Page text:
Elizabeth Bruenig

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Elizabeth Bruenig
Born
Elizabeth Stoker

(1990-12-06) December 6, 1990 (age 28)
ResidenceWashington, DC, U.S.
NationalityAmerican
EducationBrandeis University B.A, University of Cambridge M.Phil.
OccupationJournalist
EmployerThe Washington Post
Spouse(s)Matt Bruenig
Children1

Elizabeth Bruenig (born December 6, 1990) is an American journalist who works as an opinion writer and editor for The Washington Post.[1] She writes about ethics, politics, theology, and economics from a progressive point of view.[2] Previously, she was a staff writer for The New Republic.[3] Bruenig's writing has also appeared in the Boston Review,[4] The Nation,[5] Jacobin,[6] and Salon.[7]

She is described as being on "the Catholic Left"[8] by Rod Dreher in The American Conservative. In a profile published by Washington Monthly, she is described as "the most prominently placed of a small but increasingly visible group of young writers unabashedly advocating for Democratic socialism."[9]

Education[edit]

Bruenig graduated from Brandeis in 2013 with a BA in English and sociology.[10] As a recipient of the Marshall Scholarship,[11] she studied at the University of Cambridge, Jesus College, where she earned a Master of Philosophy in Christian Theology.[12] She was named a 2014-2015 Presidential Fellow at Brown University, where she was a PhD Candidate in Religious Studies until leaving to work in journalism.[13]

Writing[edit]

On September 19, 2018, Bruenig wrote the story "She reported her 2006 rape. Then nothing happened. In the #MeToo era what do we owe to her?", which attracted broad national attention.[14][15] Bruenig had attended the same high school, Martin High School in Arlington, as the story protagonist, the rape survivor Amber Wyatt, and remembered the "shameful aftermath"[16] of the story from her youth. She had started tracking the details of Wyatt's story since 2015.[17]

Personal life[edit]

Bruenig is married to Matt Bruenig; they have a daughter, Jane, and live in Washington, DC.[1] Elizabeth and Matt met in their high school debate team in Arlington.[9] Together they broadcast a podcast through Patreon, The Bruenigs.[18] Both Bruenigs have been featured guests of the politics and humor podcast Chapo Trap House, although not together. In the past, they have written together for The Atlantic.[19]

References[edit]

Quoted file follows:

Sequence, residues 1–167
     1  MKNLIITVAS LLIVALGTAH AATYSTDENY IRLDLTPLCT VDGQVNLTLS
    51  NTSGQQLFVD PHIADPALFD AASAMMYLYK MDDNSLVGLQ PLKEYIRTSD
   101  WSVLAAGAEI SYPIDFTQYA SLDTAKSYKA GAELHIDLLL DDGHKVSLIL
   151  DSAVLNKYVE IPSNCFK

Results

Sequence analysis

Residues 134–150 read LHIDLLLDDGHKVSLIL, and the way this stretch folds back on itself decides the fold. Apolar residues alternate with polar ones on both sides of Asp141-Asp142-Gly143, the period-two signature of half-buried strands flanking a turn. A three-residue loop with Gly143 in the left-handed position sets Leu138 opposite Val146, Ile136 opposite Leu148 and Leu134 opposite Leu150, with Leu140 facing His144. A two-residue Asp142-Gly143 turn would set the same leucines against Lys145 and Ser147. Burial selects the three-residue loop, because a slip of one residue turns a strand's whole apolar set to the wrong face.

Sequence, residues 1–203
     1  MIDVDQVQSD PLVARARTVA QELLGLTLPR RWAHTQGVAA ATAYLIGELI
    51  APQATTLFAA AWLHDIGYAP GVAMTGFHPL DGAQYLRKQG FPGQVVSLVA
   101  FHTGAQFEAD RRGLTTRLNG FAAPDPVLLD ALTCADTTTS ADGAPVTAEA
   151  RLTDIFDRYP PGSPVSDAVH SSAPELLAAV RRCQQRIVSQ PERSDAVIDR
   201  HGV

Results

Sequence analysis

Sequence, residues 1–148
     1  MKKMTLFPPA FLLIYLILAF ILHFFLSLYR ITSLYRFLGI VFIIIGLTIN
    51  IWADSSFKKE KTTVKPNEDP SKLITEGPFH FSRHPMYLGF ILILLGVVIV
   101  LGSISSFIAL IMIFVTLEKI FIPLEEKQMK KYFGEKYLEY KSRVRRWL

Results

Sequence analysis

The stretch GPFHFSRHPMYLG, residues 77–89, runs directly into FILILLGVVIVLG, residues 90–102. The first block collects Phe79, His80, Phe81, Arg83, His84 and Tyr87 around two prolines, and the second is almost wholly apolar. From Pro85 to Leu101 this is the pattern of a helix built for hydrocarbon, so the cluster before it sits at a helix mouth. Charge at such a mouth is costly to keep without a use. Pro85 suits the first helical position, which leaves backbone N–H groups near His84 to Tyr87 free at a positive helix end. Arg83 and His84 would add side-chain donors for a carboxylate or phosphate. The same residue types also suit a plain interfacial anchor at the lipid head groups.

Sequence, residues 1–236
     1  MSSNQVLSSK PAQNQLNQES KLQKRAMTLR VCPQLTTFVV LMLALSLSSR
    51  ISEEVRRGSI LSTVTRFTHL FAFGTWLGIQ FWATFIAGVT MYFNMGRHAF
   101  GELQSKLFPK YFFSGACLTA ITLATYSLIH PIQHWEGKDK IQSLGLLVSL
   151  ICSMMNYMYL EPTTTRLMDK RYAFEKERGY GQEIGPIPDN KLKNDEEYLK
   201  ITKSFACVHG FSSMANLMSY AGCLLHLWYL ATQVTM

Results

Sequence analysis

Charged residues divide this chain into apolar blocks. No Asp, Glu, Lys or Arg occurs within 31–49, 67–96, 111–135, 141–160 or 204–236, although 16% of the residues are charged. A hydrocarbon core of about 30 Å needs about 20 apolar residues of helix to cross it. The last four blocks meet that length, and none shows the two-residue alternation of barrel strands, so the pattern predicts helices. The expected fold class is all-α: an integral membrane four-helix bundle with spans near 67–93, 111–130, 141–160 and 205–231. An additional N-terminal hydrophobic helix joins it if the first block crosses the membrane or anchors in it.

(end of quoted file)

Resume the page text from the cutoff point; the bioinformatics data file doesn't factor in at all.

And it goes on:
1. ^ a b "Elizabeth Bruenig joins Opinions staff as writer and editor". The Washington Post. 2017-10-25. Retrieved 2019-02-10.
  2. ^ "Shorenstein Center Speaker Series: Elizabeth Bruenig | Harvard College". college.harvard.edu. Retrieved 2019-02-10.
  3. ^ "Elizabeth Bruenig". The New Republic. Retrieved 2019-02-10.
  4. ^ Review, Boston (2014-01-31). "Elizabeth Bruenig". Boston Review. Retrieved 2019-02-10.
  5. ^ "Elizabeth Bruenig". The Nation. 2016-07-12. Retrieved 2019-02-10.
  6. ^ "Elizabeth Bruenig". jacobinmag.com. Retrieved 2019-02-10.
  7. ^ "Salon.com | News, Politics, Business, Technology & Culture". www.salon.com. Retrieved 2019-02-10.
  8. ^ Dreher, Rod. "Liz Bruenig's Search For Truth". The American Conservative. Retrieved 2019-02-10.
  9. ^ a b Edelman, Gilad (2018-07-15). "What the new socialists really want". Washington Monthly. July/August 2018. ISSN 0043-0633. Retrieved 2019-02-10.
  10. ^ "Undergraduate Admissions | Brandeis University". www.brandeis.edu. Retrieved 2019-02-10.
  11. ^ "Elizabeth Stoker '13 wins Marshall Scholarship". BrandeisNOW. Retrieved 2019-02-10.
  12. ^ "Elizabeth Bruenig". The Washington Post. Retrieved 2019-02-10.
  13. ^ "2014-2015 Presidential Fellows | Graduate School". www.brown.edu. Retrieved 2019-02-10.
  14. ^ "What Happens When A Rape Is Reported, But No One Is Prosecuted". NPR.org. Retrieved 2019-02-10.
  15. ^ Dreher, Rod. "What Happened To Amber Wyatt". The American Conservative. Retrieved 2019-02-10.
  16. ^ "If you want to #believesurvivors, start with this Arlington rape victim". star-telegram. Retrieved 2019-02-10.
  17. ^ Stevens, Heidi. "2 stories that remind us the Brett Kavanaugh story is about us as much as it is about him". chicagotribune.com. Retrieved 2019-02-10.
  18. ^ "The Bruenigs are creating a podcast". Patreon. Retrieved 2019-02-10.
  19. ^ Stoker, Matt Bruenig and Elizabeth. "Matt Bruenig and Elizabeth Stoker". The Atlantic. Retrieved 2019-02-10.